What is the best way to wash berries and remove germs?
For these experiments, I wanted to determine if rinsing berries in water was sufficient to remove germs. Rinsing in water does a pretty good job, but it isn't going to remove every germ. I still rinse and eat a LOT of berries, though. Yum!
For this experiment, I wanted to determine if simply rinsing fresh raspberries in tap water was good enough to remove most of the germs. First I took a dirty raspberry right out of the box and rubbed it all over one half of an agar plate. I used a sterile swab to hold the raspberry. I got a second dirty raspberry and rubbed the same half of the agar plate. So, there were 2 dirty raspberries rubbed on that half of the plate.
Next I took a raspberry and rinsed it really well under tap water. I let the water run on it for about 20 seconds.
Then I used a sterile swab to rub this clean raspberry on the other half of the agar plate.
I repeated this with one more clean raspberry. So, two clean raspberries were rubbed on that half of the agar plate. The agar plate was then placed in my warm (about 95 degrees F) incubator for 15 hours.
After 15 hours, I examined the plate for colonies of bacteria. I am quite impressed at how well just rinsing with water removed the germs from the raspberries!
I repeated the same experiment with the raspberries but this time I rinsed several raspberries in a strainer together. I mixed them gently with my hand while the water was running so each raspberry got rinsed. I rinsed them for 2 minutes. Then I rubbed 2 dirty raspberries and 2 rinsed raspberries onto an agar plate and incubated them overnight.
As you can see, giving raspberries a good rinse with water seems to be very effective at removing bacteria.
For this experiment, I wanted to determine if simply rinsing fresh blueberries in tap water would be enough to remove most of the bacteria. I used a sterile swab to roll 2 dirty blueberries around on one half of an agar plate.
Then I rinsed the blueberries under cool tap water for 2 minutes. I used my hand to gently mix the blueberries so each one got rinsed.
I used another sterile swab to roll 2 clean blueberries around on the other half of the agar plate. I incubated the plates overnight. As you can see, just rinsing with water did a good job removing the bacteria. There is a little bacteria at the bottom on the clean side. However, that was caused when one of the dirty blueberries that I was rolling on the other side accidentally rolled out of bounds. It seems that just giving blueberries and raspberries a good rinse with tap water does a good job removing germs.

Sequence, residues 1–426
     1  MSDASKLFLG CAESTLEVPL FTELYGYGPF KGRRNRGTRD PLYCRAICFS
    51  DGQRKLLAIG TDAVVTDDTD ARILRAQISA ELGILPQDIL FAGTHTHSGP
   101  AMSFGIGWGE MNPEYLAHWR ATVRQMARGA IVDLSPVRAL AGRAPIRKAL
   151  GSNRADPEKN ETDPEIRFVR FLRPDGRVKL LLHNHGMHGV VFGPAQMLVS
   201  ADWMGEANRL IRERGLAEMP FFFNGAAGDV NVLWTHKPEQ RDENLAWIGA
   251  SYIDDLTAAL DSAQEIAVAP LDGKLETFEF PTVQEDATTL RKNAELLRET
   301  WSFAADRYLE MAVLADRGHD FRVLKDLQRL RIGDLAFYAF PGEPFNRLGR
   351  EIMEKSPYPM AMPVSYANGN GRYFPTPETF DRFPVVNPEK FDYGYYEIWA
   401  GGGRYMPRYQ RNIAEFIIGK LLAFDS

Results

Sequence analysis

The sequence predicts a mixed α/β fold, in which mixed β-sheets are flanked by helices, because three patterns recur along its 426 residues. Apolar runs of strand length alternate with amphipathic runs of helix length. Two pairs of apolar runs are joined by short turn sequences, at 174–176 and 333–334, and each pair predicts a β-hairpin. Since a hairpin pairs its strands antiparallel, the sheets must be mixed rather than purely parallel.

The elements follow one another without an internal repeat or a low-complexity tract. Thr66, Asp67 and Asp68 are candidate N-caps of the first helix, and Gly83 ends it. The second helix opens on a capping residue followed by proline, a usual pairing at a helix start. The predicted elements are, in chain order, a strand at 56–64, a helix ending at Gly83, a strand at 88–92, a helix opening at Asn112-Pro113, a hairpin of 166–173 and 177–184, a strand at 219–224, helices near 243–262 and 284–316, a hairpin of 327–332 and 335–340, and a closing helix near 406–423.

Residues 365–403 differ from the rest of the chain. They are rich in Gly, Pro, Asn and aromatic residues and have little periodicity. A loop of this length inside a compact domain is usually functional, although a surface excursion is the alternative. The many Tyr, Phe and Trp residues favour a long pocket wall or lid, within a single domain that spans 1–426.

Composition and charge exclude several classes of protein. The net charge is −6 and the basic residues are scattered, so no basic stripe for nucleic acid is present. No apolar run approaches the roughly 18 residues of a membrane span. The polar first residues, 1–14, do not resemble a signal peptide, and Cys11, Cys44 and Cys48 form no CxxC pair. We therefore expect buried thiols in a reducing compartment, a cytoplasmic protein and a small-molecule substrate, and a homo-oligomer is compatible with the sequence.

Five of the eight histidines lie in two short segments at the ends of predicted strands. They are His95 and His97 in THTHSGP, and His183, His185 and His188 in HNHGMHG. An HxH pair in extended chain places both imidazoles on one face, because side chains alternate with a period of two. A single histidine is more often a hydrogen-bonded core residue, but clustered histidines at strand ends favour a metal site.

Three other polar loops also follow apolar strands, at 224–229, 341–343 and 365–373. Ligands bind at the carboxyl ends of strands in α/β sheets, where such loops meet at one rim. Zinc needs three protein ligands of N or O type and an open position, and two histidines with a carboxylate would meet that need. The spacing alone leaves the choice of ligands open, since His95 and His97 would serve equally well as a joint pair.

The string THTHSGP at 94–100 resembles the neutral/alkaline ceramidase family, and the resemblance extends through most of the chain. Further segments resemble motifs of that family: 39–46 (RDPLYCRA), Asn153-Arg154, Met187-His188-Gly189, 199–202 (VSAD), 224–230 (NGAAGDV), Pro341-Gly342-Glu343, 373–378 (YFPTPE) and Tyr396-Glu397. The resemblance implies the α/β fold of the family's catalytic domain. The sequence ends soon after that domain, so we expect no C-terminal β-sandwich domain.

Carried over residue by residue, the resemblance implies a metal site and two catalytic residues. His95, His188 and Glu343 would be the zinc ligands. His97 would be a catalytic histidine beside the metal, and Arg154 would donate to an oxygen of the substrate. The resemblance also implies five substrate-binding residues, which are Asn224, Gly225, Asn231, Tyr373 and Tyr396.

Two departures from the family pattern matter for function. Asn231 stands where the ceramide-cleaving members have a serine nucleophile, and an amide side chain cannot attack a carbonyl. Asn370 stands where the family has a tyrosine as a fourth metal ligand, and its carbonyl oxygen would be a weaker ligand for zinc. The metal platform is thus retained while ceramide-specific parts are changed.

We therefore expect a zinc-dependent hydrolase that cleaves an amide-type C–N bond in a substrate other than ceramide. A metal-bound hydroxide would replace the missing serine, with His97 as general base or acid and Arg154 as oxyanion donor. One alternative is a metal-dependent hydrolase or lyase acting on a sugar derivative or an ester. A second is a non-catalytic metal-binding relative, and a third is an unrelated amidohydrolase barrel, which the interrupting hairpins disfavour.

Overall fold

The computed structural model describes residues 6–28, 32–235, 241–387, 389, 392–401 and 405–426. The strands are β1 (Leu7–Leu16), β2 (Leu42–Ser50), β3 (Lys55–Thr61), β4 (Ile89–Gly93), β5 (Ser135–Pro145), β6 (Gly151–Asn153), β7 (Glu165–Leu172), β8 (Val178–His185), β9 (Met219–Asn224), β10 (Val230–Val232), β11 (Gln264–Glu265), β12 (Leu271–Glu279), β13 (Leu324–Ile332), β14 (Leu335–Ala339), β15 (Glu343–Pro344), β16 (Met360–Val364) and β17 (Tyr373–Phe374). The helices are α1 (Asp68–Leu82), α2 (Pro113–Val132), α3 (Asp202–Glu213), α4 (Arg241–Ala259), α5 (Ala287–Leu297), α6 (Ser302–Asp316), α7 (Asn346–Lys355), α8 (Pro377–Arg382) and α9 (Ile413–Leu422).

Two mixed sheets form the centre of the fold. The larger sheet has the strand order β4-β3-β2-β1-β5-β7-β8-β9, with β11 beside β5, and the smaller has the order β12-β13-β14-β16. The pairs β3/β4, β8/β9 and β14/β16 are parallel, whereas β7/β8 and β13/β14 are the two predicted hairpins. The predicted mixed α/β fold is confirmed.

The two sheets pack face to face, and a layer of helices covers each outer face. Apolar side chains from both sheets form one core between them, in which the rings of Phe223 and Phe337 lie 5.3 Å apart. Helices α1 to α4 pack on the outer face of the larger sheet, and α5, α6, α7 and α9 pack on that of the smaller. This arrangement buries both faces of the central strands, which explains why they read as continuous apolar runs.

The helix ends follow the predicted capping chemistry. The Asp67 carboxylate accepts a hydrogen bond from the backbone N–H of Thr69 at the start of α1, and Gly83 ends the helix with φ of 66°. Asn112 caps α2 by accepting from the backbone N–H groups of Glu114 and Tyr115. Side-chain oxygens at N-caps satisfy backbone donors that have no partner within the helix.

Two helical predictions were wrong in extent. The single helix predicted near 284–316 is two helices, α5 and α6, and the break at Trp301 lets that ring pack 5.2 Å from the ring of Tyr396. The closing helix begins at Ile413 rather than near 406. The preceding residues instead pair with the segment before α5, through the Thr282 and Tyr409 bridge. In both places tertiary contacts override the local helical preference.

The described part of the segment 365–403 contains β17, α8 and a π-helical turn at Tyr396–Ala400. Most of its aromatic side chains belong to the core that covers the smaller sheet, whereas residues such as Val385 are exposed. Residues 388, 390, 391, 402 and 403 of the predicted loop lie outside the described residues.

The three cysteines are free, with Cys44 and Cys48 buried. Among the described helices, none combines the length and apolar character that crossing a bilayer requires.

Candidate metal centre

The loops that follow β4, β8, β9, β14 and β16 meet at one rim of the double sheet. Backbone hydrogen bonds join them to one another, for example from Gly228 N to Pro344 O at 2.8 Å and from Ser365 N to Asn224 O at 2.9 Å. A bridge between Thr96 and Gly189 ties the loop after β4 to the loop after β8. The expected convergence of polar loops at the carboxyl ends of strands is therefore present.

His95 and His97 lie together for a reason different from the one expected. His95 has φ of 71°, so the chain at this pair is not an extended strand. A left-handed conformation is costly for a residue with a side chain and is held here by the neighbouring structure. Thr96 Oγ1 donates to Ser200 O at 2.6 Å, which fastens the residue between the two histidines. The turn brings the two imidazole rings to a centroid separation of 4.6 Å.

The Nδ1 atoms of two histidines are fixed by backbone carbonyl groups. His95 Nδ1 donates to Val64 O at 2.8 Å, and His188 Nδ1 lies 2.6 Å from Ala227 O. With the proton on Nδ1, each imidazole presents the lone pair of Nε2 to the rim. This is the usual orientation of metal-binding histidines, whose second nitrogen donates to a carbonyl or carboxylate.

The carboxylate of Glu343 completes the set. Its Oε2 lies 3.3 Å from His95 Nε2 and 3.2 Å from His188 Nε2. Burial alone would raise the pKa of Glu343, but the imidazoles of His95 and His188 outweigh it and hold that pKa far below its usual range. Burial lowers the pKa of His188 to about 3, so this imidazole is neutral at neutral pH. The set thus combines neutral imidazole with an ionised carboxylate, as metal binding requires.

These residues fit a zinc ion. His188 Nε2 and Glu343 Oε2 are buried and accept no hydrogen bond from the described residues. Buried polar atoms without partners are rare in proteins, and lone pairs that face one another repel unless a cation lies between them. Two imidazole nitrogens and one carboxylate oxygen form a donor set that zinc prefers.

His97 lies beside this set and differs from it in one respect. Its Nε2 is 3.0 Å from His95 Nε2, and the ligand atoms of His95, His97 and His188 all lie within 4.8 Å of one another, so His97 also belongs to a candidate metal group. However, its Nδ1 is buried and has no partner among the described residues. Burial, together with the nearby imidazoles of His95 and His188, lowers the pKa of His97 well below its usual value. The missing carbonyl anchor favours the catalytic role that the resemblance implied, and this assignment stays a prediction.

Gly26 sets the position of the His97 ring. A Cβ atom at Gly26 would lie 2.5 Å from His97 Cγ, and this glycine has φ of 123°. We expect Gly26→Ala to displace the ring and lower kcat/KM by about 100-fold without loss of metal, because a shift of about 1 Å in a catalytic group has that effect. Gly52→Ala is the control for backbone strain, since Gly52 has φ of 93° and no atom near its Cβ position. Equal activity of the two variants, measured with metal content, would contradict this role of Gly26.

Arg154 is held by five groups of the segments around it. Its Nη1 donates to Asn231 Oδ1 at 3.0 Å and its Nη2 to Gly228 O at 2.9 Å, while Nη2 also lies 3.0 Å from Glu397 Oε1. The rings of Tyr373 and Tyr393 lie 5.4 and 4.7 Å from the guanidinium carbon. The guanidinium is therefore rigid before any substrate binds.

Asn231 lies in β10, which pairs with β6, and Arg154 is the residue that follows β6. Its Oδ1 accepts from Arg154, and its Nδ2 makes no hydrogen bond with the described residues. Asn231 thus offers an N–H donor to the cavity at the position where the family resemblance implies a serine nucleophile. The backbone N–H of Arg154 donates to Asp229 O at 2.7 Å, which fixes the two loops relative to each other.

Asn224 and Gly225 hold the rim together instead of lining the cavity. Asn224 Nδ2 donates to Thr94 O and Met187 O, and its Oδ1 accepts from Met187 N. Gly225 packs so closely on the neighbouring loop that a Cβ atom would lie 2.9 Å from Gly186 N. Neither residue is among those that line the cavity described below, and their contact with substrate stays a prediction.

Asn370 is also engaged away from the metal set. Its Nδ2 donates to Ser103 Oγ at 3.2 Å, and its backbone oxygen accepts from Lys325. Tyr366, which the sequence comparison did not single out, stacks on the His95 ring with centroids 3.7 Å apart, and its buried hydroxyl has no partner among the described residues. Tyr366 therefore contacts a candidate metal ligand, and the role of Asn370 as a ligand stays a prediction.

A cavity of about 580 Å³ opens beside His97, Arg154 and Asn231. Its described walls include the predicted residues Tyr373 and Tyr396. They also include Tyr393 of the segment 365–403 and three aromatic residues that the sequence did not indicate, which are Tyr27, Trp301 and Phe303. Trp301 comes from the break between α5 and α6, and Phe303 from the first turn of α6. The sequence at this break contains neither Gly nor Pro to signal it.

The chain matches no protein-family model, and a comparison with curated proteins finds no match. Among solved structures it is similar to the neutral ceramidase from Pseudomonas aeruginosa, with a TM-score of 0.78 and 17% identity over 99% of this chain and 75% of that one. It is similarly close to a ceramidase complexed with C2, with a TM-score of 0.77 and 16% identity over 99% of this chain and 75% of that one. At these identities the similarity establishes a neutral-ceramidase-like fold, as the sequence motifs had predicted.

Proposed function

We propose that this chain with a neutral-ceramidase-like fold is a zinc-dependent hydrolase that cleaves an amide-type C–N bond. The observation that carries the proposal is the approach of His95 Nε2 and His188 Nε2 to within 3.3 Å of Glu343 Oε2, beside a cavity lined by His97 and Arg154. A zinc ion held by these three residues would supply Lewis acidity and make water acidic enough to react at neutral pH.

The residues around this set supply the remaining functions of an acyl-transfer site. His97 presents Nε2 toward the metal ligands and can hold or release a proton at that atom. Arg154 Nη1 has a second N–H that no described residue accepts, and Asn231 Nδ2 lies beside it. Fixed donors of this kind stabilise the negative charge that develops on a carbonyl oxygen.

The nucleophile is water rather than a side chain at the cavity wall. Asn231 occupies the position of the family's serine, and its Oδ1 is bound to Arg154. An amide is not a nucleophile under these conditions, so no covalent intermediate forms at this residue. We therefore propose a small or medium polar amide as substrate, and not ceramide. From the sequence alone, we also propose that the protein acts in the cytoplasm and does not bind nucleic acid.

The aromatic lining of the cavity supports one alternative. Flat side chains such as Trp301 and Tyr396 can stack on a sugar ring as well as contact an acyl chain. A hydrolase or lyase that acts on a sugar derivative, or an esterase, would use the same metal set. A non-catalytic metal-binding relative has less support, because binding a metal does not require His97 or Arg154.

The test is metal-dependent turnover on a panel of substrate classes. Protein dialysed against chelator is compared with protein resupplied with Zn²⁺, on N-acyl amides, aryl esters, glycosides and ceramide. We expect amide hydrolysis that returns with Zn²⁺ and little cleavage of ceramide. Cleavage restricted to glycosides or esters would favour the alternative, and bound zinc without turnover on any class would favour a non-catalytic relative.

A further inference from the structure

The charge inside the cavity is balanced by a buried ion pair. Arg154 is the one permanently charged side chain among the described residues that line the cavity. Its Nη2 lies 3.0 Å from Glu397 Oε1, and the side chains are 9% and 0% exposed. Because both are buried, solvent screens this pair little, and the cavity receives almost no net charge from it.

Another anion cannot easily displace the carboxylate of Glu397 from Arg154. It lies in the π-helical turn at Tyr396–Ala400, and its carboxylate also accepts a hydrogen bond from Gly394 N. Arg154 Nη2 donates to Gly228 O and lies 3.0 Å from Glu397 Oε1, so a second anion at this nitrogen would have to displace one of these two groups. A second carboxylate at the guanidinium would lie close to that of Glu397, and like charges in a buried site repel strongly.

Next, I wanted to determine if rinsing strawberries in tap water was enough to get them clean. First I rubbed 2 unwashed strawberries (one at a time) onto an agar plate. I used a sterile swab to push them around.
Then I rinsed 2 different strawberries (one at a time) under running tap water for 1 minute. I used my other hand to gently rub the outside of the strawberry.
I rubbed the 2 clean strawberries on another agar plate and pushed them around with a sterile swab. (I took a photo of that but it was blurry.) Then I incubated the plates overnight in my warm incubator.
As you can see, rinsing with water for 1 minute is a great way to clean strawberries! I realize that most of us don't want to spend 1 full minute cleaning each strawberry.
I repeated this experiment with strawberries a different day. This time I only rinsed and rubbed each strawberry for 15 seconds under WARM running water. As you can see, the 2 strawberries got almost perfectly clean.
For all of my produce washing experiments, I do this negative control. I wanted to make absolutely certain that my tap water and clean gloves were not contributing bacteria to my experiments. So, I put on a clean pair of gloves, got them wet under the tap water, and rubbed them on a clean agar plate.
I incubated the plate overnight and was pleased that there was no bacterial growth at all the next day.